Death Follows Serious Illness

The body of the average individual inherently has the power to live to an age far beyond the biblical “three score and ten.” The body will continue living unless violently interfered with by powerful factors given rise to by disease or accident. The normal death is one which occurs in an individual who has reached a ripe, old age and all organs, tissues and structures of that individual have aged simultaneously and equally to the same degree. An individual who has lived the number of years the human body is capable of living, should die suddenly, painlessly and become extinguished as do the wild animals in the wilderness. The wild animals are known to creep into some secluded spot and expire painlessly and suddenly when the proper time arrives. A young or middle aged individual who has kidneys which have lost their functioning powers and which have been burnt out and destroyed by disease, has kidneys which are proportionately decidedly older than the rest of his body. The same facts can be said of most any organ seriously crippled by disease. A man with advanced consumption has lungs which are very old and the rest of the body may be comparatively young. This is equally true of people suffering from arteriosclerosis (hardening of the arteries). The most of the body with the exception of the injured brain of a person who dies of brain fever at an ‘early age or middle age, is young. Such an individual does not die a rapid, painless death. On the contrary, he dies a slow, lingering, torturous death. The same comparison is true of death caused by hopeless disease of any other organ; they are not really normal deaths but violent deaths, superinduced on an otherwise youthful and fairly good body by one or two organs which have failed to maintain their health and youth equally with the others.

The point of importance claimed is that all organs should age simultaneously and wear out conjointly reaching the same degree of wear and none more rapidly than others. The ideal is this sudden death, painless, quick and inexpensive. This can only be attained when all organs grow old together as in the case of our old veterans who suddenly drop off without suffering. Common foundationing undoubtedly makes this a possibility. This will prove itself in time by those who will properly use this system.

What the average person fears most is a slow, lingering death. Such a death invariably is expensive and usually torturous. Any death which is due mostly to edema of the lungs is an abnormal death; this type of death is in effect death by drowning. And, sad to say, most people die in this manner. Any person dying thus dies too early in life. The normal death is a sudden cessation of the machinery of the body, culminating in a sudden stoppage of the heart action.

Death by pneumonia or edema of the lungs has been called “the captain of death,” since it is the commonest or most frequent form of dying. This term is erroneous. The true mechanism of the commonest form of death is due to pneumogastric nerve paralysis as explained in the next paragraph.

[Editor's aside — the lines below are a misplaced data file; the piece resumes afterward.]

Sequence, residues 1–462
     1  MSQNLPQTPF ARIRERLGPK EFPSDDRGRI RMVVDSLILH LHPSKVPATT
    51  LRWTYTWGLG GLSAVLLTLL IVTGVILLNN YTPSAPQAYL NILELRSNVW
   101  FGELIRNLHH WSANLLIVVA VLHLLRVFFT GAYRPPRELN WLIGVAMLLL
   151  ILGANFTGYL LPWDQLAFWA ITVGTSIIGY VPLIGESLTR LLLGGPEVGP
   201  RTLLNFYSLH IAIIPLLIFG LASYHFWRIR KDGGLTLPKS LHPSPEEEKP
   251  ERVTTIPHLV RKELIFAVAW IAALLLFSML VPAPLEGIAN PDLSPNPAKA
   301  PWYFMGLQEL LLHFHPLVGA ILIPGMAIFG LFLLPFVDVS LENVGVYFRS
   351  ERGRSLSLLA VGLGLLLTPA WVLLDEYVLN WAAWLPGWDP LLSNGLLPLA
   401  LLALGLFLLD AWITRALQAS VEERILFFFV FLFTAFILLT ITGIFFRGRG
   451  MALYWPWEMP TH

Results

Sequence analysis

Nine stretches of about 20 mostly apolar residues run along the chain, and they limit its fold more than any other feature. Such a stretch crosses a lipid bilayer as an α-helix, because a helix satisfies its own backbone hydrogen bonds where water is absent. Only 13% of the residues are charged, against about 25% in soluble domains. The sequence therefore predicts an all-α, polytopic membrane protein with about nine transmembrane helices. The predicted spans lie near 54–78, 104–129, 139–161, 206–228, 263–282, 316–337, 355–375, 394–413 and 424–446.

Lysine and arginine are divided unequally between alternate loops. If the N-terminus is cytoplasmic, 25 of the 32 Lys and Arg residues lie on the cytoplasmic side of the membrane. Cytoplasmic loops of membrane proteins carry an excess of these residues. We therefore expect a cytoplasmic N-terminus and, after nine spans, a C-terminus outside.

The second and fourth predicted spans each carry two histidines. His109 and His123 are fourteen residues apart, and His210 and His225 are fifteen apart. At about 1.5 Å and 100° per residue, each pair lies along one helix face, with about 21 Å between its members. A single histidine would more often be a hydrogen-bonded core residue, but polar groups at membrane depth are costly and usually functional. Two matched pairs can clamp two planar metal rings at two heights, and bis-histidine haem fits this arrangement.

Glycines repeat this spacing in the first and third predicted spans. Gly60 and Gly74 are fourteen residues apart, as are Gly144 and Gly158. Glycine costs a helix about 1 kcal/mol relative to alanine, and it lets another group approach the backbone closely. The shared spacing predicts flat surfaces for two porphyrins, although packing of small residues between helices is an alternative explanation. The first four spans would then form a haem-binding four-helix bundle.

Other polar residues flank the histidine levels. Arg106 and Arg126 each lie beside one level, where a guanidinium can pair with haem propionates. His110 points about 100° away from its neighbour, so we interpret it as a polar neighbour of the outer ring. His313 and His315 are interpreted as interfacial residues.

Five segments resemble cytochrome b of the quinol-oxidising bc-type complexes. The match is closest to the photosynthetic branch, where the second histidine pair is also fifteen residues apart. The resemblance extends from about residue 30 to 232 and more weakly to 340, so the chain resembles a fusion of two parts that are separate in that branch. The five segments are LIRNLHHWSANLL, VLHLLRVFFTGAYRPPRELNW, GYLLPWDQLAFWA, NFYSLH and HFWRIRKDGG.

Deaths following serious illnesses, as a rule, are brought about, first, by paralysis of the pneumogastric nerves (vagus nerves), which is shortly followed by paralysis of the sympathetic nervous system. Due to loss of vagus control, the heart will soon beat itself to death ; and the weaker the heart becomes during the progress of a serious illness, the more will the lungs fill up with fluid and bloody mixture of fluid, thus drowning the patient. This fluid and blood seep through the blood vessel walls and lung tissue walls into the lung spaces. Most of this fluid is derived from the blood; it consists of serum, lymph, mucus, pus, blood, etc. This circulatory failure in the large and small blood vessels of the lungs is due to this same paralyzing effect on the pneumogastric nerves and the resulting evil effect on the sympathetic nervous system. Deficient oxygen intake and the germ and virus poisons (toxins) in the nasal sinuses give rise to and cause the paralyzing effect on the vagus nerve (pneumogastric nerve). This is the modus operandi of death. Most deaths are initiated and concluded in this manner. The timely use of the nasal antisepticizing treatments is the only means which will restore the function of the paralyzed or partly paralyzed nerves and thus control the sympathetic nervous system, and prevent death. As a rule, if taken in time, the nasal antisepticizing treatments will reverse the entire process of death, preventing the heart from beating itself to death and preventing the filling up of the lungs and the drowning of the patient by the simple process of removing the nasal sinus poisons and restoring full oxygen intake, and thus enabling the vagus nerve to function properly again.

In all dangerously ill patients wherein the vagus centers cannot be controlled, the patients will die. Such cases are overwhelming, uncontrollable cases of toxemia or bacteremia (blood poisoning) due to any illness whatsoever, permanently paralyzing the vagus nerve centers. Examples of such cases are brain fever (septic meningitis). Here the uncontrollable bacteremia and toxemia directly attack the vagus centers. Any other overwhelming toxic condition will do the same. These facts are true of all serious or dangerous illnesses, wherein the intoxication of the patient by whatever means is not or cannot be controlled.